Heather, a sixth grader at Visitation Academy, has been sitting off to the side. She looks up from her history book and towards the field at her classmates in gym class.

“Jonathan! Get the ball!”

“I am, Ms. Stewart! I was trying, but I just couldn’t catch it.”

“What a loser! Ever heard of a boy that couldn’t play ball?” a group of girls nearby giggle.

“I heard if he didn’t watch them, he’d trip over his own two feet.”

“All right, ladies. That means you too, boys. Head to the locker rooms and freshen up before your next class.”

“We always lose when he’s on our team!” an obviously disappointed boy says and stomps his foot.

Another student nods in agreement. But a third takes sympathy on Jonathan, sniffs himself and a boy standing next to him, then pinches his nose.

“Phew! You need to freshen up. Quit yakking and hurry up,” and takes off. The others immediately chase after him; their attention now diverted to being first to the showers.

Somewhat relieved, Jonathan lifts his head, but one by one, the remaining boys brush against him as they leave the field. Jonathan sighs heavily. Again with head down, he walks over to his Phys-Ed teacher and hands her the ball.

“I really tried, Ms. Stewart. I’m just not good at sports. I wish I was, but I’m just not!”

“Keep trying Jonathan. I’m sure you’re good at other things. One day you may be good at this, too. Now hurry on.” She smiles and tousles his hair.

“Yes, ma’am.”

Just then, the same group of giggling girls from earlier, cross directly in front of Jonathan, causing him to drop his gear and towel.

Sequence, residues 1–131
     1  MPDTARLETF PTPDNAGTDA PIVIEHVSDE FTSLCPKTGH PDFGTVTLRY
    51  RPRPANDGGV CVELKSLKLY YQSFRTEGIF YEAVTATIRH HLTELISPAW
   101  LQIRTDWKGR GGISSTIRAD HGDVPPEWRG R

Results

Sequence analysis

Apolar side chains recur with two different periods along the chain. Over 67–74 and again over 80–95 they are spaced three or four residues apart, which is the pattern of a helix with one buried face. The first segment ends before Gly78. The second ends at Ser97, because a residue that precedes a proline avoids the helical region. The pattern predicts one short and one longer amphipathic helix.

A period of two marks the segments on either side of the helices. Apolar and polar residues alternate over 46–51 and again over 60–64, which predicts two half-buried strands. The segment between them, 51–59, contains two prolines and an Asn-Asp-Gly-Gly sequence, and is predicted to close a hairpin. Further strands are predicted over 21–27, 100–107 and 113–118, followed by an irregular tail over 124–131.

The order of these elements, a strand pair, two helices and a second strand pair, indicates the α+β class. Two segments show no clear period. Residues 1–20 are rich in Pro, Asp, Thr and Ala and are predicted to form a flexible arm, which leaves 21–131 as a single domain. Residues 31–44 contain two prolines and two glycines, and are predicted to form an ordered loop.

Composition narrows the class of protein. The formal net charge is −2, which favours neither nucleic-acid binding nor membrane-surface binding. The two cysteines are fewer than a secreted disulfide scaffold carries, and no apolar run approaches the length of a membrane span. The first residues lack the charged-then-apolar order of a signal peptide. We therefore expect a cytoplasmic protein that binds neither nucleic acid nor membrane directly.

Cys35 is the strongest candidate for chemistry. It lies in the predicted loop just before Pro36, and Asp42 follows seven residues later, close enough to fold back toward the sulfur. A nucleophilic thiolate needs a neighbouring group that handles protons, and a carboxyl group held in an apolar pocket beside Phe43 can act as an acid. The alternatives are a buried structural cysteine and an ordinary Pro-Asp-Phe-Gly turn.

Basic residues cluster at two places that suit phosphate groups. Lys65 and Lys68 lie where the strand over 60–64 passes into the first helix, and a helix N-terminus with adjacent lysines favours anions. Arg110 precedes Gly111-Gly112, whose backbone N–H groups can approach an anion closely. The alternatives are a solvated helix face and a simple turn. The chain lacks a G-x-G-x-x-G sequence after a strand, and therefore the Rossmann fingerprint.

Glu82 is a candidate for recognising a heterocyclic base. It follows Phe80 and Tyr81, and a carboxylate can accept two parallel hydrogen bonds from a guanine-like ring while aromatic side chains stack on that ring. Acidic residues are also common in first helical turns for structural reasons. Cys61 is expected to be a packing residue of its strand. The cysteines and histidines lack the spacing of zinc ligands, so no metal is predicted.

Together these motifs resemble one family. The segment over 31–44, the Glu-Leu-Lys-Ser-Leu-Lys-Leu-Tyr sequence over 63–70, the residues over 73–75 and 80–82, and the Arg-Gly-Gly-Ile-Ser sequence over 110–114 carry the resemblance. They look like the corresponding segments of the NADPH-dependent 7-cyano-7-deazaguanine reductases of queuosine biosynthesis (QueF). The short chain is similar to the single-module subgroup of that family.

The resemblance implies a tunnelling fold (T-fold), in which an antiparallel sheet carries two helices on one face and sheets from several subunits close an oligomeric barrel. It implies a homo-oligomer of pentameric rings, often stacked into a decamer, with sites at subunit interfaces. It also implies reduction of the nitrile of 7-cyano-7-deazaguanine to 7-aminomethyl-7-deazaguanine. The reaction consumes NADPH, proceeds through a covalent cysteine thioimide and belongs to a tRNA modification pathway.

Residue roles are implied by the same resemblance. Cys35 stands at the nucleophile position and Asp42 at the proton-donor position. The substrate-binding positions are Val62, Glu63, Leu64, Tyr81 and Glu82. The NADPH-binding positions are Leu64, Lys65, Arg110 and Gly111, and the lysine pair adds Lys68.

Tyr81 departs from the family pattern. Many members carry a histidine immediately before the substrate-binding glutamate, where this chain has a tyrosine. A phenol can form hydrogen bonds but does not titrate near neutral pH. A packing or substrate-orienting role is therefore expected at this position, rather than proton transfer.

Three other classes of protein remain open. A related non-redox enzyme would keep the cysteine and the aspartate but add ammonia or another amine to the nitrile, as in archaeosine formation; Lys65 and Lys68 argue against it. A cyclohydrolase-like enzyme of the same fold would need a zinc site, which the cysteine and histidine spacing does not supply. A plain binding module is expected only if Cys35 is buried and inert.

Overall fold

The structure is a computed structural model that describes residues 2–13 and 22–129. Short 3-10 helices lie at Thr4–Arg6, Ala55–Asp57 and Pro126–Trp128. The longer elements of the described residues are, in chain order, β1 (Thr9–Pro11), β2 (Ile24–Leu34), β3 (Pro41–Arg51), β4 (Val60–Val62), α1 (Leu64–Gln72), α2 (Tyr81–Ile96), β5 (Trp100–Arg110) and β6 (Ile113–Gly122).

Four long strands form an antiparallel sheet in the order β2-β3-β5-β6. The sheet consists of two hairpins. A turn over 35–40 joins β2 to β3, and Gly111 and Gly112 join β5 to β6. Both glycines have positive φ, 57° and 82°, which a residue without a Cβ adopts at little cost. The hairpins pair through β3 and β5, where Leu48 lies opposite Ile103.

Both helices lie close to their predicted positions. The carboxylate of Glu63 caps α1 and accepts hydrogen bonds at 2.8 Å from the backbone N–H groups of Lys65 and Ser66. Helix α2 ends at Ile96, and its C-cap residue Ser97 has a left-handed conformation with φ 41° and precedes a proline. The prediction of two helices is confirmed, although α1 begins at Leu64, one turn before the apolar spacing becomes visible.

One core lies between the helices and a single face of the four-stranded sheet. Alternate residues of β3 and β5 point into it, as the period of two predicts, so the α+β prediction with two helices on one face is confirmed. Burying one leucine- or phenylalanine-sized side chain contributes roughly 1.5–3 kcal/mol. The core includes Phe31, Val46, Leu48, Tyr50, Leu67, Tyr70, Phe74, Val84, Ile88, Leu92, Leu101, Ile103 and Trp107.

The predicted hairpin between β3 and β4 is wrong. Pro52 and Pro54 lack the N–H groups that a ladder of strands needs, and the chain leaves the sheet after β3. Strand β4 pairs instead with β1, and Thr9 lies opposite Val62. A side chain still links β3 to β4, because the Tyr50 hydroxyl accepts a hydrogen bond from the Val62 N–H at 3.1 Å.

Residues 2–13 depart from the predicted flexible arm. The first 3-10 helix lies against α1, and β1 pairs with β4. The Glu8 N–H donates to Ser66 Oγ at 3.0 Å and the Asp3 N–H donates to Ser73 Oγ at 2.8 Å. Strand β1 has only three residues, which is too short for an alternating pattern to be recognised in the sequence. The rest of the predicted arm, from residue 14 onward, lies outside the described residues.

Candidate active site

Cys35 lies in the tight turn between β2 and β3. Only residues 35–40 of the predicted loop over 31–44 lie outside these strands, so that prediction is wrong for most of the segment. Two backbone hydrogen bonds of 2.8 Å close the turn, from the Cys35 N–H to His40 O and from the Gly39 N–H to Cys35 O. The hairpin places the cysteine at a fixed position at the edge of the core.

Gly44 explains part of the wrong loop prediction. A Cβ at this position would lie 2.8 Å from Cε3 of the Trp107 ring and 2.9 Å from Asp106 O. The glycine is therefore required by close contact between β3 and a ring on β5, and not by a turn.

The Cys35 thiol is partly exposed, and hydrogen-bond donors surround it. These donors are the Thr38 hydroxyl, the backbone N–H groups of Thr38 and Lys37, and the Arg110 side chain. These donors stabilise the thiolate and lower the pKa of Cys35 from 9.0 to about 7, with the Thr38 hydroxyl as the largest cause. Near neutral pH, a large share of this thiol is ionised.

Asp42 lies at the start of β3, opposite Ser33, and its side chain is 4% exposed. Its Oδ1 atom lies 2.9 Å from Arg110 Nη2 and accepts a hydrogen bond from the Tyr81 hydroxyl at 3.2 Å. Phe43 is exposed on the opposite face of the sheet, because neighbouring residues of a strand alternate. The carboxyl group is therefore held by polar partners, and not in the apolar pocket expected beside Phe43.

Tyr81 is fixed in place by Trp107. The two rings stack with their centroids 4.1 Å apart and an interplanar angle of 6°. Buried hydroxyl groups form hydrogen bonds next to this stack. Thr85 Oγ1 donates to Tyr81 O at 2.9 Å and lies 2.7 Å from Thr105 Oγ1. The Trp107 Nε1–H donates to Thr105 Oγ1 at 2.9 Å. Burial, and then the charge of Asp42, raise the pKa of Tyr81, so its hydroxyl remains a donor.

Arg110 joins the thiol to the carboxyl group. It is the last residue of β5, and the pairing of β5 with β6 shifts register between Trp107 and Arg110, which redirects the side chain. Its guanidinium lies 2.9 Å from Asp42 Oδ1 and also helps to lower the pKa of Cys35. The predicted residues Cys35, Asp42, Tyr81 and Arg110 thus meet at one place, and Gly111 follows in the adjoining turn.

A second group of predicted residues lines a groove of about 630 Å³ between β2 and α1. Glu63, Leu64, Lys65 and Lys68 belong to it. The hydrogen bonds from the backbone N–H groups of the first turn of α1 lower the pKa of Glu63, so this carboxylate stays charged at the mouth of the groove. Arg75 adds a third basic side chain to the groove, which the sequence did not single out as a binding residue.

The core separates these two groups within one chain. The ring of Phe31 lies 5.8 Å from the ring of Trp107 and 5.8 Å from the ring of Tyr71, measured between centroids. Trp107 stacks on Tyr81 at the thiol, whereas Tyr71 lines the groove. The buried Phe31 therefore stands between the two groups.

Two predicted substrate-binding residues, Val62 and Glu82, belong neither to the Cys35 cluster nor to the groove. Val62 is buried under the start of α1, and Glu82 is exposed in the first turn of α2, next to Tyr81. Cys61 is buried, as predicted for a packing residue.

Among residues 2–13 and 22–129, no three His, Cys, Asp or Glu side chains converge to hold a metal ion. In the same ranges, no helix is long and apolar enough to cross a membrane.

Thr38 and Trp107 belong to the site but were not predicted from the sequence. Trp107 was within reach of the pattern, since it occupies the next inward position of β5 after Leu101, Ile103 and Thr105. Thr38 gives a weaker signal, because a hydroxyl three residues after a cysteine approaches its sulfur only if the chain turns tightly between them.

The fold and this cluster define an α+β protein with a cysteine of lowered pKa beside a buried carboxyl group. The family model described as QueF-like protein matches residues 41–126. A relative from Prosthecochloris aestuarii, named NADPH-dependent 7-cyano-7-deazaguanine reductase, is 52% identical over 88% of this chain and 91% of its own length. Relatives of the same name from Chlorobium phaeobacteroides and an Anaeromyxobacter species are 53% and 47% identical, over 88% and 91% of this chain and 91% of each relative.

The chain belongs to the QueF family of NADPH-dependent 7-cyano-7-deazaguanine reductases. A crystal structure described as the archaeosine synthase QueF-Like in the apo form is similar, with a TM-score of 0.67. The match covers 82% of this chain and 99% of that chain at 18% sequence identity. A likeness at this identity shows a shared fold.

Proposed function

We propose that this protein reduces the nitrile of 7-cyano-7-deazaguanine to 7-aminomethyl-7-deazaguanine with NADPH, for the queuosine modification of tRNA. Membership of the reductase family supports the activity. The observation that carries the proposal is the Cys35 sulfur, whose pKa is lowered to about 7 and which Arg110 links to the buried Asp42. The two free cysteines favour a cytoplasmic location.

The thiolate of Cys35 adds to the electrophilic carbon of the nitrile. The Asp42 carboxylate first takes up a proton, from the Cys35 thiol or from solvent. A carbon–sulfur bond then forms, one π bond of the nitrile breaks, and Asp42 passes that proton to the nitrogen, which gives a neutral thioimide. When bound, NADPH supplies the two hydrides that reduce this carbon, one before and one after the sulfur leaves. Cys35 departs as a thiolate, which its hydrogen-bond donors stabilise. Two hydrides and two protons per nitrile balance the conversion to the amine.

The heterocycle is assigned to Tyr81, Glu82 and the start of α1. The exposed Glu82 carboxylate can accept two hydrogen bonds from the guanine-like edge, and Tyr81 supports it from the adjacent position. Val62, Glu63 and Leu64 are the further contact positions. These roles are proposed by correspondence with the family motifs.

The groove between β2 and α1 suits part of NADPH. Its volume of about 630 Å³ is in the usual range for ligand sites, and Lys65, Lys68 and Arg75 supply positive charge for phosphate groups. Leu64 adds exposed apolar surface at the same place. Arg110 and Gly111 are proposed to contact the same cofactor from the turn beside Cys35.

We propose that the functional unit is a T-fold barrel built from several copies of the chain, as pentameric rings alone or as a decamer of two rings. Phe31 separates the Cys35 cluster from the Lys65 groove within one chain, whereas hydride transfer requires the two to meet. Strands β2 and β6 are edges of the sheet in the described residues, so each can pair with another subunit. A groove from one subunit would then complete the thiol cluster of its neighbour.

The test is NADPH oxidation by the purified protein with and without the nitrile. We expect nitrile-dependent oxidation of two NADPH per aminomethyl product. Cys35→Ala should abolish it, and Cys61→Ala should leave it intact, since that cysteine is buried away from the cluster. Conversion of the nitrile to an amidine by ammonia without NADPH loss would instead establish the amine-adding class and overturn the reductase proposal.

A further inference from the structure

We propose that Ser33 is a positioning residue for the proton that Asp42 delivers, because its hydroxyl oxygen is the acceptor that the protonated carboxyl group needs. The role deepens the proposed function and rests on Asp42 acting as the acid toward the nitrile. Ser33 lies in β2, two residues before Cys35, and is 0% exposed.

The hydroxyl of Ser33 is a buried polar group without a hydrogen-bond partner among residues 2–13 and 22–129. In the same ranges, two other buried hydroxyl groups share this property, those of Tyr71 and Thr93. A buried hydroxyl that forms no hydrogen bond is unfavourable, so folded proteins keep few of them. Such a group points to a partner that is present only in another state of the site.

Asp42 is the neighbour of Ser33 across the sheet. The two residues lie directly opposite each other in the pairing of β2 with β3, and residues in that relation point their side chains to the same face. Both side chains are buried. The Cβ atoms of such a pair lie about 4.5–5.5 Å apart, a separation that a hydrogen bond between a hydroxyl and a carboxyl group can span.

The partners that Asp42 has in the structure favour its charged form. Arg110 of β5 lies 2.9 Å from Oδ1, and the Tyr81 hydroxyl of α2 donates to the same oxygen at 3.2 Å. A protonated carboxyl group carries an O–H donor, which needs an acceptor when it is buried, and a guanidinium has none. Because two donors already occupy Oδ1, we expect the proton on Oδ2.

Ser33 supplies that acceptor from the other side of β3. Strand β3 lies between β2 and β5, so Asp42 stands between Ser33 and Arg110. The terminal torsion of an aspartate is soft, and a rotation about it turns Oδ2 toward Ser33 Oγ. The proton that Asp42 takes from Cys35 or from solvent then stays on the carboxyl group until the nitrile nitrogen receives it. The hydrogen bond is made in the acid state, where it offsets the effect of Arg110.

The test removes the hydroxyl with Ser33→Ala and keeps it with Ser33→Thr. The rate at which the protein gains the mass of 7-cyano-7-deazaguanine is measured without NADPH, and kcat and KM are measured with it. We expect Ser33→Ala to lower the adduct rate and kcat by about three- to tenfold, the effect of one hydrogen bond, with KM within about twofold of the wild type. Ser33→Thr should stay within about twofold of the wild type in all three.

“See, I told you,” says the seventh grader in the group, “He trips over his own two feet!”

“To the locker room now, Sara!”

“Yes, Ms. Stewart!” Startled, she and the other girls scurry off.

Heather quickly ties her shoes, tosses her books into her book bag, and heads over to Jonathan.

“You’ve improved a lot since last time.” She helps him gather his things, then takes his towel, and gently wipes the sweat from his eyebrow. “Don’t give up okay? I’m sure you’ll get it.” She adjusts his glasses, hands him back his towel, and darts off toward the girls’ locker room, leaving him blushing and speechless.

Just then, several of the same boys heckling him earlier yell, “Johnny’s got a girlfriend! Johnny’s got a girlfriend!”

“I do not!” Jonathan shouts back and runs toward the locker room, even more red-faced, but confident.

Heather makes it to the locker room just ahead of the girls from earlier. She hears them approaching and quickly tosses her book bag off to the side. Upon entering the locker room, she notices a horizontal bar overhead, positioned between the first set of lockers and the door. Heather peeks out to see the order the girls are walking in, then swiftly perches herself atop the bar and waits. Sara, the seventh grader with a habit of mercilessly teasing other students, not just Jonathan, is last to enter. As soon as she clears the door, Heather uses the bar as a trapeze, and swings from her legs. She firmly grabs Sara’s long ponytail, and loops it through the hinge of the door, raising Sara to her tippy toes. Heather lands right outside the locker room door and quickly retrieves her book bag. None the wiser to Heather’s presence, the other girls struggle to free Sara between sporadic outbursts of pain from the door repeatedly hitting her in the face. Heather pauses for a brief, but satisfying glimpse before turning the corner and continuing to class.

The Red Umbrella Society excerpt

"No one truly fears the dark. They fear what's in it." TRUSQuote, The Red Umbrella Society

Pages: 1 2 3 4

3 Responses to “Excerpt

  • “So excited to read your book!”

  • “The excerpt is so good!!! You left me hanging!! I can’t wait to read the whole book. That was a real teaser.”

  • This is an exciting writing project with lots of angles of what’s next. Keep writing

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